Don't be put off by the Holy Week subject matter, if that is of concern to you. First of all, the music is not dramatic and does not use tone-painting; this is not a Bach Passion. Second, the texts are in Church Slavonic, whose roots can be traced back to 10th-century Bulgaria, so the words will float right past you (the album credits include a pronunciation coach, and it shows).

If I can use the phrase in this context without being excommunicated or having to go into rehab, there is one kick-ass piece of orchestral choral music in Old Slavonic, Janácek's Glagolitic Mass. When you get right down to it, this work actually sounds a lot more pagan than Christian: the orchestral music is definitely more likely to make you think of Druids than of Jesuits—well, Druids with a big horn section, that is. Check it out (footnote 2).

Simon Rattle's 1981 recording (1999 remastering, CD, EMI Classics 66995) features blazing brass, crisp choral singing, and a great-sounding organ solo. But I hasten to point out that this recording, excellent as it is, predates both the superb concert hall (1991), designed by Russell Johnson, of the City of Birmingham Symphony Orchestra, and its magnificent Orgelbau Klais organ (2001). But it still sounds great. As far as I know, you can't really go wrong with any of the available recordings of the Glagolitic Mass; the work has attracted many eminent conductors, among them Karel Ancerl, Riccardo Chailly, Sir Charles Mackerras, and Klaus Tennstedt. So there are at least two pieces in Slavonic worth getting to know, if you don't already know them.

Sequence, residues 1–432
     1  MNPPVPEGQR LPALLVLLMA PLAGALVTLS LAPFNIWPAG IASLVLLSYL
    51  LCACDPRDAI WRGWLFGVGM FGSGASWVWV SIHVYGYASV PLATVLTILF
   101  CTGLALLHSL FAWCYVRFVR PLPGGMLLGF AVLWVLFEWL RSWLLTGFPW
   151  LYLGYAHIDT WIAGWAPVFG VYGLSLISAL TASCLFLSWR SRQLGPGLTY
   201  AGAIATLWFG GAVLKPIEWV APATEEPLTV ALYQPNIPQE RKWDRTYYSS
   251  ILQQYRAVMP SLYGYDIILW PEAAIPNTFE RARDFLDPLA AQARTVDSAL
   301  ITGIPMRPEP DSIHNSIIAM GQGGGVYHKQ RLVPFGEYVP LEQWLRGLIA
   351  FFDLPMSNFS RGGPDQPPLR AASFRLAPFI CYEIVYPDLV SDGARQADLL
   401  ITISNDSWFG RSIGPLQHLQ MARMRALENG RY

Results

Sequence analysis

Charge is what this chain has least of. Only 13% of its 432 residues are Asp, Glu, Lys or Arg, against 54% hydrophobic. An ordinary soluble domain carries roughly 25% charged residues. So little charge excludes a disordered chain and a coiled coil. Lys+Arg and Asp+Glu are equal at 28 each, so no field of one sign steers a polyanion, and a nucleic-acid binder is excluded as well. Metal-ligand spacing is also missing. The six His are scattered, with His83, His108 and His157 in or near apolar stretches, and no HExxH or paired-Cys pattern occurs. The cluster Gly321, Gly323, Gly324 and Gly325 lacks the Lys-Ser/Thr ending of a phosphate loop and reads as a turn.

I can also say that Chandos's Gretchaninov SACD is a case where the Recording Academy's voters got it right. No Milli Vanilli this time, or even Christopher Cross. Passion Week snagged for John Newton the 2007 Grammy for Best-Engineered Classical Album; Newton's Soundmirror colleague Blanton Alspaugh produced. Liner notes are, as per the Chandos norm, exemplary, and texts and translations are clearly presented. The disc is available from all the usual sources, but you may wish to support the choral ensembles more directly by purchasing from here or here.



Footnote 1: For the record: John Atkinson's recording of Cantus singing Morten Lauridsen's O Magnum Mysterium, on Comfort & Joy, Volume One (CD, Cantus CTS-1204), remains No.1 on my list of favorite choral recordings. Eric Whitacre's When David Heard, as sung by Polyphony on their album Cloudburst (CD, Hyperion CDA67543), is a close second.

Footnote 2: Janácek goofed in using the word Glagolitic, which pertains to the alphabet employed. He should have used the name of the language itself: Old Slavonic.